As I walked, I noticed the bank rising from the water. It looked it was just garbage; twigs, branches, mud. Rubbish was piled up against both sides of the hallway.

I kept walking, and came to an open area, which was probably a parking lot. And it was a strange sight.

Garbage and mud was piled into a giant heap in the middle of flooded room. Even more rubbish; mostly fish bones.

At the very top, there was a limp stem, bent over. Bright, long green leaves sprout from its length and base. From each leaf tip there was a long tentacle. Most ended in withered, shriveled tips.

But one tentacle stretched down the hill of garbage, and at the base of the hill it ended in a huge shape. A huge shape, like a big melon, but the color of the inside of a ripe papaya. It was open at one end, like a barrel, and it had a big lid hanging over it.

I saw plants like this one before, but much smaller. I sometimes saw them growing in gardens and hanging pots. My mother used to have one on the balcony.

There was a crack in the roof, and it let some sunlight through. There were a lot of holes in the upper floors, so it wasn't strange for light to come through. It looked like the light would shine right on the plant at certain times of the day.

I approached the giant thing.

It was full of some glistening, bright yellow slimy liquid. It was full to overflowing, dripping from the rim.

As I looked at it, more and more dripped down its sides. The flow increased, the liquid now streaming.

And the liquid did something very strange.

It flowed uphill.

I never knew any liquid could flow upwards like that.

And the higher it climbed the hill of garbage, the more it divided into channels and branches. It became like a glistening spider web covering the hillside.

The hillside started to move.

Jumbled fish bones, dead leaves and other garbage gathered in clumps.

It looked like the slime, thinned and branched out, had spread tiny threads throughout the rubbish and was now pulling it all together.

It collected into a mass that rose higher and higher.

Two protrusions appeared, stretching out. As if it was trying to form arms.

For one, panicked moment, I backed up, getting ready to run back the way I came.

But I remembered the way back was blocked.

The only way I knew of to get back upstairs was through the lobby.

I had to go past the hulking shape.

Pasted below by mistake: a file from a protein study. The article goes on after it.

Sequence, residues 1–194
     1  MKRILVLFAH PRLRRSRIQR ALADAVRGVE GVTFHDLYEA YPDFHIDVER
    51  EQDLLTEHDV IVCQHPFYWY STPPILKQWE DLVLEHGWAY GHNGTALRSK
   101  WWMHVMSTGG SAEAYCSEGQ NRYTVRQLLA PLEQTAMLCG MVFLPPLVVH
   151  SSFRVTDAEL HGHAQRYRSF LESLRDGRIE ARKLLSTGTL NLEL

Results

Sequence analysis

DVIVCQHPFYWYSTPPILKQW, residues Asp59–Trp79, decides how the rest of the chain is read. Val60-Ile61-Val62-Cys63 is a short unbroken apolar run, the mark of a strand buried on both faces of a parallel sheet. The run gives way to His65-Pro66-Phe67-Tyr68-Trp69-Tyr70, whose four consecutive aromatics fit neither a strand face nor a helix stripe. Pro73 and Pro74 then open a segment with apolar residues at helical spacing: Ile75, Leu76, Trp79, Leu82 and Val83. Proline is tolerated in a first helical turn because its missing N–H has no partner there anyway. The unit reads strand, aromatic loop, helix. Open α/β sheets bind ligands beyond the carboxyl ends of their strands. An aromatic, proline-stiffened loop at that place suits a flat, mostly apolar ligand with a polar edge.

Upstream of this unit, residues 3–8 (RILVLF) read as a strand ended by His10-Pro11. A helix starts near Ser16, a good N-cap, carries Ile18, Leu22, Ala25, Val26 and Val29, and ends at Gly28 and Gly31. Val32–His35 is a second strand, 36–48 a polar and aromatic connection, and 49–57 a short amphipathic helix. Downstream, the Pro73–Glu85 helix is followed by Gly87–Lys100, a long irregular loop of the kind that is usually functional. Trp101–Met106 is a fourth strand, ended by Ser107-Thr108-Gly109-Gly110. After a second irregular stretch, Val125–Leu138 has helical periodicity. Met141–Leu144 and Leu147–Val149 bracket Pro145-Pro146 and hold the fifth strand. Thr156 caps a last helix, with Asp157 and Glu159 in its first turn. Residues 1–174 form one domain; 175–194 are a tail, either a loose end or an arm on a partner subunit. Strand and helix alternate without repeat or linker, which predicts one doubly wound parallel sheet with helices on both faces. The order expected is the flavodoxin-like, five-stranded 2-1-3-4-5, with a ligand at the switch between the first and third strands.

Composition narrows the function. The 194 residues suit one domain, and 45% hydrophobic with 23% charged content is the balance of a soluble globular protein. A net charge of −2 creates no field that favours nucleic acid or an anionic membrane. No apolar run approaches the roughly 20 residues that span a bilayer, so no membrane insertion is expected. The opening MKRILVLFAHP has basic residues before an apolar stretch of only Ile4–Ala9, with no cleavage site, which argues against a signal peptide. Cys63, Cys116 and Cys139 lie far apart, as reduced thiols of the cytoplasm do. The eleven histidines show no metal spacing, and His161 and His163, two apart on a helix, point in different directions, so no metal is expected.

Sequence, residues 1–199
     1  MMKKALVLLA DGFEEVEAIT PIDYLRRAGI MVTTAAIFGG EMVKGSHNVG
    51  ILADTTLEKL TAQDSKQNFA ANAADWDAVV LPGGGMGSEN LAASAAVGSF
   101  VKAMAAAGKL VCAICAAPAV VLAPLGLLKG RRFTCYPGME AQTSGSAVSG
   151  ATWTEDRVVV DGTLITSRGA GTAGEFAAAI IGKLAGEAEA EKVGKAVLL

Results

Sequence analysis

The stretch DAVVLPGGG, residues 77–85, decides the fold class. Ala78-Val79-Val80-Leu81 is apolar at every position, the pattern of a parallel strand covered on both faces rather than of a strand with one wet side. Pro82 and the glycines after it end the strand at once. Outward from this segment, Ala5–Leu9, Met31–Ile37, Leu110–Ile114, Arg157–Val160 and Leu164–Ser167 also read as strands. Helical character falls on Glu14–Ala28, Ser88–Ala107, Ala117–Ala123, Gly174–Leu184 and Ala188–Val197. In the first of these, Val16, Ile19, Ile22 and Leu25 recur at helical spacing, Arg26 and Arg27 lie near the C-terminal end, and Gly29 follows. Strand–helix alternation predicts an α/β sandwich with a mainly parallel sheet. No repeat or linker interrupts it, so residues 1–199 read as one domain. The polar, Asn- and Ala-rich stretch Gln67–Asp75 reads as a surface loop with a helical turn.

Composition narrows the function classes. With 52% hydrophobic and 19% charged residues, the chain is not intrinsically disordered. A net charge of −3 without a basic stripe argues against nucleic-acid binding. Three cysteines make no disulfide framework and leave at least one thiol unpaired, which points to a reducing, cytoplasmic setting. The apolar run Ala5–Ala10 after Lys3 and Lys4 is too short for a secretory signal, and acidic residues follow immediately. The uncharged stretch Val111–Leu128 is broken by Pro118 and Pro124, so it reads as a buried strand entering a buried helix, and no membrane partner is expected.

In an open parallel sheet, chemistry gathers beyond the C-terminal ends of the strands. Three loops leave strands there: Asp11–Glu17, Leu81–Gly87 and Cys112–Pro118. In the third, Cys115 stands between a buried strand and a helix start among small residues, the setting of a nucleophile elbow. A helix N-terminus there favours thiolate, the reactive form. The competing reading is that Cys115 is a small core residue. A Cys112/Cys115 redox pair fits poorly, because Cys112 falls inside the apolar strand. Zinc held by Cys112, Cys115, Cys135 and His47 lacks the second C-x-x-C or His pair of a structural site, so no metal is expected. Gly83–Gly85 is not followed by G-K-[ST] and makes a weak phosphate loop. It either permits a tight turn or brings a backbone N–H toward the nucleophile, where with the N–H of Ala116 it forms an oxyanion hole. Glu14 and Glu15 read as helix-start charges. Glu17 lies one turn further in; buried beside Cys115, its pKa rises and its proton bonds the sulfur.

I struggled through the water, half-swimming, half-running.

I concentrated on moving forward. I couldn't let fear paralyze me.

Out of the corner of my eye, I saw something reach out.

I took a deep breath and dove beneath the surface.

I kicked wildly, desperately trying to get distance. My heart thudded with fear and exertion.

The pain in my lungs was too much. I surfaced, but did not pause.

I had managed to slip out of its grasp.

I did not look back. Over the sound of my splashing, I could hear something else, a rushing, surging sound like a wave.

It felt like an eternity, struggling through the water while something lurched behind.

My body was in agony by the time I reached the sunlit lobby.

I staggered torwards the escalator. 

My limbs felt heavy. I felt like I was trying to run in mud.

I took a look back, and saw that it had reach the basement lobby.

A massive rounded shape made of garbage. No legs, no head, two arms sweeping the water as if blindly searching for me.

And all over it I saw the glistening threads.

I was gasping as I grabbed the handrail. Lifting my foot onto the step was like lifting a boulder.

And as I raised myself out of the water, I saw why.

My waist and legs were covered with looked like thin, slimy threads. It writhed and pulsed.

The yellow slimy liquid must have spread its threads throughout the pool. The short way back was blocked to me, but it could send its threads through the rubble.

It was pulling me back. I lunged upwards, but it felt like I had stepped in glue.

Each step I took was a struggle. It took an enormous effort to free each foot. But I managed to climb the escalator.

The mass had reach the bottom of the escalator. And one arm started surging upwards towards me.

The sticky liquid became even stickier. I scrubbed my feet, hoping to free them more easily. My hands and fingers only got gummed up.

The arm surged ever closer. I was only halfway up.

My hands started to stick to the hand rails. My movement was slowing.

I stumbled. My hands stuck to the step.

I looked back. The arm had almost reached me. It was forming extensions like fingers. It looked like it was opening up like a mouth.

I squeezed my eyes shut.

Then a loud crack, then a rumble. I opened my eyes to see a big piece of the roof come falling down.

With all my strength I leaped upwards from all fours.

A loud crash, a whoosh of air as the chunk smashed into the escalator behind.

I felt the escalator give way; I saw the center section collapse, dragging with it most of the arm as it splashed into the basement.

There were some torn chunks left behind.

I scrambled up the remaining steps, scraping my hands and feet to get as much of threads off as I could.

I finally reached the top. I glanced back.

The top part of the escalator was still attached, but it looked like it could fall at any moment.

The chunks left behind seemed undecided as to whether drop down and rejoin the main mass or continue their pursuit.

As I got up I looked downwards.

The mass was sending another arm up the second escalator.

I ran.

And as I ran, the sticky stuff on my feet and hands seemed to dry up or fall off.

I never went back.

They haven't torn down the mall yet. I think I know why.